Texas Court Rules Upskirt Photos Legal, and That's a Big Problem

Exactly what is and what isn't freedom of speech? That's a high-priority question, following the news Friday that a Texas court ruled it legal to take upskirt photos. It's yet another controversial example of state-level courts struggling to define what is and isn't a violation of privacy, versus an expression of protected artistic freedom in a public space — should a man be allowed to take creepshots of a woman on a public street or on public transit? Even further, what about taking photos lingering on women's swimsuit areas at a pool or a water park? What about taking those kinds of photos of children?

If you're anything like me, that idea makes your stomach turn, and you're probably wondering how the hell the Texas Court of Criminal Appeals could've reached this decision. This isn't an isolated incident, however, and rulings in favor of creepshotters haven't just been contained to state-level bastions of conservatism — just last March, as International Business Times details, the Massachusetts Supreme Judicial Court ruled in the favor of a Boston-area man's right to take sexually provocative upskirt photos while riding on public transit. Basically, it's a legal question that's vexed many observers, however much it might seems obvious that, no, taking sneaky photos of women for sexual gratification is not okay.

Obviously, the popularity of a legal decision doesn't necessarily track with the decision's rightfulness or wrongfulness, but in this case, the kind of people the Court's ruling is favoring must be considered as one of the more unsympathetic bunch of people you're going to find. Men taking creepy photos of women in public, photos possibly for the explicit purpose of their own arousal, is a profoundly violating experience to those women who've weathered the experience.

And moreover, it being a legally protected practice can put young children in a unique position of vulnerability and sexual objectification. The specific case that provoked Friday's ruling, in fact, was that of 50-year-old Ronald Thompson, who was charged for snapping dozens of photos of bikini and swimsuit-clad women at a water park — some of them reportedly children, according to the LA Times.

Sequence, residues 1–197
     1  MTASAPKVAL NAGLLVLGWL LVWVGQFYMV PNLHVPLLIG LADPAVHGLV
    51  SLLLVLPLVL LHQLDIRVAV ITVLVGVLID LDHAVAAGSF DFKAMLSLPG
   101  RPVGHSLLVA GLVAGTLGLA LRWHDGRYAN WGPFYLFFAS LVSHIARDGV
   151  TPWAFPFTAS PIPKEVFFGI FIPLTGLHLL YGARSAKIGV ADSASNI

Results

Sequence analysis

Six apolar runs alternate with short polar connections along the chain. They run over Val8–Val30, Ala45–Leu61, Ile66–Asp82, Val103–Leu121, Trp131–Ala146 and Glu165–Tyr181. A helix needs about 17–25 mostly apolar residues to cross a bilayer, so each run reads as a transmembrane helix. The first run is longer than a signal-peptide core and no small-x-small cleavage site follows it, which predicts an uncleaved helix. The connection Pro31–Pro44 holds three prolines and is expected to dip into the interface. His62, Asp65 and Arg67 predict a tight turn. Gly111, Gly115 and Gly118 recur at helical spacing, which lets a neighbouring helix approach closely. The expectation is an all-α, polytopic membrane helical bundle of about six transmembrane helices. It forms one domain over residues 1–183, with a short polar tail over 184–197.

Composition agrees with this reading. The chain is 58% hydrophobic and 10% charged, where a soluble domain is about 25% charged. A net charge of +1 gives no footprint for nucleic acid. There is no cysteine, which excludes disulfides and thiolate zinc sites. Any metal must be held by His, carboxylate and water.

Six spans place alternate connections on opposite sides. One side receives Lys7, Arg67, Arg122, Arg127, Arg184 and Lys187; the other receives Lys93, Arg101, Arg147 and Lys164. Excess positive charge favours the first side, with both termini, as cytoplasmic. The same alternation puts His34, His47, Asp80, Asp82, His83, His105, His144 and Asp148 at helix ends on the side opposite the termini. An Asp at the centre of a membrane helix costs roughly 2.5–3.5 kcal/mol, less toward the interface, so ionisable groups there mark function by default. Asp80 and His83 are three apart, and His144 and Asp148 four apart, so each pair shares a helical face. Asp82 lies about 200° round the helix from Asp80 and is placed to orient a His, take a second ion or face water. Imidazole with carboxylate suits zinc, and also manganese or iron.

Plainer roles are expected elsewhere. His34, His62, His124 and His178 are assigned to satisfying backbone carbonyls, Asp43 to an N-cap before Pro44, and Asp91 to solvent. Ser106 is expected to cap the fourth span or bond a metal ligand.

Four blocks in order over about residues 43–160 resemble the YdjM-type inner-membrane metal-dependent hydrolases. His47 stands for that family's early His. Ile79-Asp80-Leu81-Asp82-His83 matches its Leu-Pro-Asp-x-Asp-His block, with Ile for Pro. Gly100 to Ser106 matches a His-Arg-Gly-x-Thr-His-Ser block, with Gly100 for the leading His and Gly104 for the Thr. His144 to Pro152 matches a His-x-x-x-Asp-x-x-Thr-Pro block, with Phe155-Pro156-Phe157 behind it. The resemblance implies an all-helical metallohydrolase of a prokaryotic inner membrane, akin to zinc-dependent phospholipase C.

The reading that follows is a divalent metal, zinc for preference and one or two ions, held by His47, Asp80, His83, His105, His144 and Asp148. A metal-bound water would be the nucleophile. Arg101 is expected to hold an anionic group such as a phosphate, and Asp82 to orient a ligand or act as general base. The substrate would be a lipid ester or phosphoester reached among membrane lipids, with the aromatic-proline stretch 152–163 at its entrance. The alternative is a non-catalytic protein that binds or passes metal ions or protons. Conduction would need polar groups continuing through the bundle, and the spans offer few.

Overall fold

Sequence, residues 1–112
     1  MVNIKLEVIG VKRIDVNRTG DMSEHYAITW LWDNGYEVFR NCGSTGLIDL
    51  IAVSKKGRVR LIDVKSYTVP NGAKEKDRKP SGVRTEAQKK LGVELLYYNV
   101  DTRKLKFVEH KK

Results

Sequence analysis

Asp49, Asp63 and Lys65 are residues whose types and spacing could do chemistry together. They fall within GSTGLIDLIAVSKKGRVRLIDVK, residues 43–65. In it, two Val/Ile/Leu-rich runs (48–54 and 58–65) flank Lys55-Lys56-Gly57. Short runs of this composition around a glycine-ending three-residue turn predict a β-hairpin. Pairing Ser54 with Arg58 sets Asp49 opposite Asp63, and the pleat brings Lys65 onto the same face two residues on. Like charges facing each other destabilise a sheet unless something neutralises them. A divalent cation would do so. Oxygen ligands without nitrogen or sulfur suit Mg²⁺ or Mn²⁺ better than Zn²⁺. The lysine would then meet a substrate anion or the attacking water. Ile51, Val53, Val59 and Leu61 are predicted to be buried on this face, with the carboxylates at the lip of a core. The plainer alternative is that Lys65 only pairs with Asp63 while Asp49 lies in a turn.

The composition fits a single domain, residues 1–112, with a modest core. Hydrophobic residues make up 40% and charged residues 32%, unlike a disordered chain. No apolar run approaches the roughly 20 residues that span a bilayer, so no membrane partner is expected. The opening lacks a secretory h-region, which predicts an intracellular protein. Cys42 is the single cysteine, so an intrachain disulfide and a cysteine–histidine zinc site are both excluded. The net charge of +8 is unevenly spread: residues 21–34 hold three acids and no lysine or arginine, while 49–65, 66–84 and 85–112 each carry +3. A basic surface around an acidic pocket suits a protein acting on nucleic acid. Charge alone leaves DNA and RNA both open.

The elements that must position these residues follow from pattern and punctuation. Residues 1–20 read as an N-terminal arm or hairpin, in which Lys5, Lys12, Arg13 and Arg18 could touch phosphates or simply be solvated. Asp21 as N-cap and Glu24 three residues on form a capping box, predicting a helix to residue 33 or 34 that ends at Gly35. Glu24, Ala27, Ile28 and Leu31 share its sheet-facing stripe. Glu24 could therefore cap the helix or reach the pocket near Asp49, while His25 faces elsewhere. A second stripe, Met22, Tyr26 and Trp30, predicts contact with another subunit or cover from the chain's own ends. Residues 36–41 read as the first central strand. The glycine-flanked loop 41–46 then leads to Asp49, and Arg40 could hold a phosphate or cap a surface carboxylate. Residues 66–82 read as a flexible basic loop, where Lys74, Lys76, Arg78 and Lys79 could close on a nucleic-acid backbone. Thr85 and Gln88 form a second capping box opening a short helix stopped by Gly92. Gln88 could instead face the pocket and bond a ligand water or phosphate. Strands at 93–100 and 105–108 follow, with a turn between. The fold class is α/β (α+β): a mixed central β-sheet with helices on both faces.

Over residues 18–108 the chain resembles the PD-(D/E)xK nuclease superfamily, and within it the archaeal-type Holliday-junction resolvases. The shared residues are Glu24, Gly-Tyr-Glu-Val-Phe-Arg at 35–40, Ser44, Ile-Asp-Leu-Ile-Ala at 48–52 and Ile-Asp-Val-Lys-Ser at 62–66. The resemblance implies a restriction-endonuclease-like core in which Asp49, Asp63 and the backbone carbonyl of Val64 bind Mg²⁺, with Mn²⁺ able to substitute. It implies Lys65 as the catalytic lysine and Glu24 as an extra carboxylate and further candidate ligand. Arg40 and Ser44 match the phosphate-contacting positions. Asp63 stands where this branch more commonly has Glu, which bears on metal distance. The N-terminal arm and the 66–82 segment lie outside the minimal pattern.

But regardless of whatever depravity his photos allegedly displayed, Thompson's attorneys argued that the photos were essentially protected expressions of free speech, and Judge Sharon Keller agreed, ruling that the state's existing anti-upskirt law was in violation of the First Amendment. The ruling didn't deny that Thompson or a similar person's motives might be sexual, but simply that expressing sexual desire through surreptitious photos is a protected act. As Keller wrote in her opinion, according to the LA Times:

Protecting someone who appears in public from being the object of sexual thoughts seems to be the sort of ‘paternalistic interest in regulating the defendant’s mind’ that the 1st Amendment was designed to guard against. We also keep in mind the Supreme Court’s admonition that the forms of speech that are exempt from 1st Amendment protection are limited, and we should not be quick to recognize new categories of unprotected expression.

Yup, you read that right — anti-creepshot laws are "paternalistic." Indeed, Thompson's attorney echoed this sentiment, in casting the laws as "Orwellian."

This story should give pause to Texan women everywhere. The Court essentially ruled that women anywhere out in public have no reasonable expectation of privacy, even if an unwanted photographer's intent is overtly sexual — in practice, it makes visiting a water park for a woman in Texas like signing a release waver to be ogled and snapshotted. This isn't to say that freedom of expression, photography, and videography rules in public places aren't important — they undoubtedly are, and forcing courts and juries to make judgments about the intent behind random photographs can be a precarious position.

But as the law stands now, especially after this ruling, it's hard not to feel as though Texas' women are being failed in the most basic of ways. When the same anti-creepshot law was ruled against in 2013, the Bexar County district attorney's office put out a press release with a cautionary title, according to The Guardian: "Cover up while we appeal." For now, at least, that message still rings true — in Texas, it seems, wearing a swimsuit in a public place is giving license to lech.

Images: Getty Images